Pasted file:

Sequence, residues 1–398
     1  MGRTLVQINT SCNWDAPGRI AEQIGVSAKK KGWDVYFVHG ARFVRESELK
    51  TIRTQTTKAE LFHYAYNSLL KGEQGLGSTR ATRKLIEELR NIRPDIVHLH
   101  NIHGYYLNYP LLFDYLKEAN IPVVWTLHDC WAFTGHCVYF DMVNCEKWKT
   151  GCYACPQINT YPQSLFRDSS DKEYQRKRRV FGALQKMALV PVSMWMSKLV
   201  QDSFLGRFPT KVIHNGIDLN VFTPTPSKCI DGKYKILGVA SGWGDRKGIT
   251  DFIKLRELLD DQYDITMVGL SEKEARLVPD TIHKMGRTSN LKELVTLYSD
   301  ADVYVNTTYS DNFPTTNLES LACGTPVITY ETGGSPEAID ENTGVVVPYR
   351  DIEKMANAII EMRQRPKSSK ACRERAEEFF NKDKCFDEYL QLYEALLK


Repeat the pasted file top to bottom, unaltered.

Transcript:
Sequence, residues 1–398
     1  MGRTLVQINT SCNWDAPGRI AEQIGVSAKK KGWDVYFVHG ARFVRESELK
    51  TIRTQTTKAE LFHYAYNSLL KGEQGLGSTR ATRKLIEELR NIRPDIVHLH
   101  NIHGYYLNYP LLFDYLKEAN IPVVWTLHDC WAFTGHCVYF DMVNCEKWKT
   151  GCYACPQINT YPQSLFRDSS DKEYQRKRRV FGALQKMALV PVSMWMSKLV
   201  QDSFLGRFPT KVIHNGIDLN VFTPTPSKCI DGKYKILGVA SGWGDRKGIT
   251  DFIKLRELLD DQYDITMVGL SEKEARLVPD TIHKMGRTSN LKELVTLYSD
   301  ADVYVNTTYS DNFPTTNLES LACGTPVITY ETGGSPEAID ENTGVVVPYR
   351  DIEKMANAII EMRQRPKSSK ACRERAEEFF NKDKCFDEYL QLYEALLK